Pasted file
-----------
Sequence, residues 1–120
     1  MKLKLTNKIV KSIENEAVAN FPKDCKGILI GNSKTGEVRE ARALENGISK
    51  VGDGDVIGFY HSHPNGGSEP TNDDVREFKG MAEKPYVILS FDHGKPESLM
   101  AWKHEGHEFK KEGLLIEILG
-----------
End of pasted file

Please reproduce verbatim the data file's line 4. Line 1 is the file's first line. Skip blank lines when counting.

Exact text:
   101  AWKHEGHEFK KEGLLIEILG